THE EDIACARAN IN SOUTH AUSTRALIA: PROPOSAL AND FIELD GUIDE SUPPORTING GSSP POSITION 'C' AT WEARING DOLOMITE, FLINDERS RANGES, 16TH-22ND JUNE, 1998
RICHARD J. F. JENKINS, DAVID M. MCKIRDY and CHRISTOPHER NEDIN
Department of Geology and Geophysics, University of Adelaide, South Australia 5005
|Jenkins, R.J.F.; McKirdy, D.M. & Nedin, C. (Compilers). 1998. The Ediacaran in South Australia: Proposal and Field Guide Supporting GSSP Position 'C' at Wearing Dolomite, Flinders Ranges, 16th to 22nd June 1998. University of Adelaide, Adelaide. pp.64 (+ 21 figs.). ISBN 0-86396-627-6|
Ideas concerning formal international chronostratigraphic divisions within the wider Proterozoic have an extended history (e.g. Harland and Herod 1975). The "Ediacarien" Stage of Termier and Termier (1960) emphasised the significance of the evolutionary appearance of megascopic soft-bodied metazoans near the close of the Proterozoic, and the same concept was linked to the specific setting of the Flinders Ranges with the nomination of an Ediacaran System and Period by Jenkins (1981) and parallel consideration of an Ediacarian System by Cloud and Glaessner (1982). Jenkins (1981, 1984) placed the apparently continuous cycle of deposition represented by the Wonoka Formation and the Pound Subgroup in the Ediacaran (Fig. 1), while the System of Cloud and Glaessner (1982) included nearly twice this stratal thickness embracing the complete Wilpena Group (Preiss 1987, Jenkins 1995). The lower boundary of the System of Cloud and Glaessner reflects the popular idea that a closing glacigenic cycle within the Proterozoic (the Elatina 'glaciation') preceded major metazoan radiations.
Leaving aside the significance of rare lonestones occurring in shales of the upper Burra Group in the Adelaide region (Preiss 1987, p. 114), two well recognised glacigenic intervals are present in the local thick Neoproterozoic succession, the 'Sturtian' and 'Elatina' mixtites (or equivalents) of the Umberatana Group, identified herein as "refrigerations" I and II respectively. New evidence points to the Bunyeroo Formation representing a further refrigeration "III" within the Wilpena Group and dropstones low in the Billy Springs Formation (DiBona 1991) indicate yet another refrigeration "IV".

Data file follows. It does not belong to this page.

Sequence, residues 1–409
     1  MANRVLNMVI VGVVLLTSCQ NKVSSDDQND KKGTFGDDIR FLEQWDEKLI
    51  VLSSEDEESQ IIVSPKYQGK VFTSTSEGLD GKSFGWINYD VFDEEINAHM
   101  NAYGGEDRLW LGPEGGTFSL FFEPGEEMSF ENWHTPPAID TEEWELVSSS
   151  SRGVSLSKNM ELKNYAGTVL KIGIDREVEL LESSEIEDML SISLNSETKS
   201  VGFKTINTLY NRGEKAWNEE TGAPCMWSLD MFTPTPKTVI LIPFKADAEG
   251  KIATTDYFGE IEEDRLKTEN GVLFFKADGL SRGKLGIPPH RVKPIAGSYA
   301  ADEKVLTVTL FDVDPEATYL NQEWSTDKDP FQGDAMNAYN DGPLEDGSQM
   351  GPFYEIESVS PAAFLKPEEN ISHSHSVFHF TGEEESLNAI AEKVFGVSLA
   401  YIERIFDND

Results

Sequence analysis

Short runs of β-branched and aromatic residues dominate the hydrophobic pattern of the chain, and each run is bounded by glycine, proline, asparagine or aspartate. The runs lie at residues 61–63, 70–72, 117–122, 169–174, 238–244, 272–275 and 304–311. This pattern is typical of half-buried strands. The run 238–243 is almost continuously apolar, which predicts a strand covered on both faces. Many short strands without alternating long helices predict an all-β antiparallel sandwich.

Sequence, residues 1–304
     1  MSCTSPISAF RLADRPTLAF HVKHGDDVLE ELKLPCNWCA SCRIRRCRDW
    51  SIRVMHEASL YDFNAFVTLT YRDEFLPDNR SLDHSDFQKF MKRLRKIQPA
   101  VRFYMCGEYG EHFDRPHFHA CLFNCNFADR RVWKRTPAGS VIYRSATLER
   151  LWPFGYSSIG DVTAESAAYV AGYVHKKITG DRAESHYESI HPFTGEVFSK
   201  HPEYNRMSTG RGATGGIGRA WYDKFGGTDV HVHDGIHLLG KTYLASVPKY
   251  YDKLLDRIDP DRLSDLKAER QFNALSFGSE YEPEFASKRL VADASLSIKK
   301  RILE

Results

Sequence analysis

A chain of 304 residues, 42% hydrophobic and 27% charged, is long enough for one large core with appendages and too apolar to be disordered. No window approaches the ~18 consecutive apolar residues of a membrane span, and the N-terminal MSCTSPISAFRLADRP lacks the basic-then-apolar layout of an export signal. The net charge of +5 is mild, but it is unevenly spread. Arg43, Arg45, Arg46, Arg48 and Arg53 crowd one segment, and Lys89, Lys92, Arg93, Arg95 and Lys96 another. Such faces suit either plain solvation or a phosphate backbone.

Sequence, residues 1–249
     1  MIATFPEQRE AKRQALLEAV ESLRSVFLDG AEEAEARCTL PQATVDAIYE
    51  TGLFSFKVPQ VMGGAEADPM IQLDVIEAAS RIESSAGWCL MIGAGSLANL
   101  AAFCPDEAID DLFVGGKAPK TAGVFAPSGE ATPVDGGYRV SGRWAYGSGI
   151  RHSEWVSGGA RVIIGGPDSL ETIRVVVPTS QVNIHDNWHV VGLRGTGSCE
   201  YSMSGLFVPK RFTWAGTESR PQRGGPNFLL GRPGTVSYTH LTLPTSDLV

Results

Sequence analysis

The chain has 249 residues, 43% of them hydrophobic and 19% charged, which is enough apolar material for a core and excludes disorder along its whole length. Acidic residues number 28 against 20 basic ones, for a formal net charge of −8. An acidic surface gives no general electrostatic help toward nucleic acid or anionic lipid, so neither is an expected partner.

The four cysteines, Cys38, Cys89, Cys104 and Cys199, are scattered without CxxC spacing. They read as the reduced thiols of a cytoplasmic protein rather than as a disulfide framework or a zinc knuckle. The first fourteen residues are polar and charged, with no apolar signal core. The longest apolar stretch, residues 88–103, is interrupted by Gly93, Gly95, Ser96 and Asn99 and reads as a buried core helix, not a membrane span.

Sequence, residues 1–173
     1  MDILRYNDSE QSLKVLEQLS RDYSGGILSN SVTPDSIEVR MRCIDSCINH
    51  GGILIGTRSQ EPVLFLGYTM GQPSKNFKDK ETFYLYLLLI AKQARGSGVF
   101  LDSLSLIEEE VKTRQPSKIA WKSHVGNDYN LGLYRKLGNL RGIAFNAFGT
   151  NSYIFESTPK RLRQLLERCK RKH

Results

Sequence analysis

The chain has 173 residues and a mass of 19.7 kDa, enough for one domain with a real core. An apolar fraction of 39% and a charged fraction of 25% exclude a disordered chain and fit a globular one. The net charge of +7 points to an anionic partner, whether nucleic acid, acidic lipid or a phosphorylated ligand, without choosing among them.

The Wilpena Group does not have a uniform distribution. In the Adelaide region only its lower parts are present, the Sandison Subgroup of Dyson (1992) including equivalents of the Nuccaleena Formation, the Seacliff Sandstone and ABC Range Quartzite; isolated outliers of the Bunyeroo Formation are part of the Aruhna Subgroup of Dyson (1996a, b). Furthermore, modern sequence stratigraphic studies (e.g. Christie-Blick et al. 1995; Dyson 1996a, b) show the Wilpena Group to include a number of erosive surfaces variously bounding first or second order cycles of sedimentation and evidently of uncertain temporal significance.
Mapping in the Buckaringa, Quorn, Carrington area of the southern Flinders Ranges has disclosed a tectonic movement whereby sediments of the greater Neoproterozoic succession or 'Adelaidean' (named originally in the Adelaide region) extending as high as the Bunyeroo Formation were locally folded, lithified and acquired a cleavage prior to erosion of a rugged topography preceding the local start of deposition of the Wonoka Formation, part of the Depot Springs Subgroup of Dyson (1996a,b). Fluviatile deposits presently recognised as mantling valley floors in this topography include imbricate cobble conglomerates with common angular fragments of red porphyry derived from the Gawler Craton. This deformation will be referred to as the Bendleby Movement and evidently corresponds to uplift in the Adelaide area.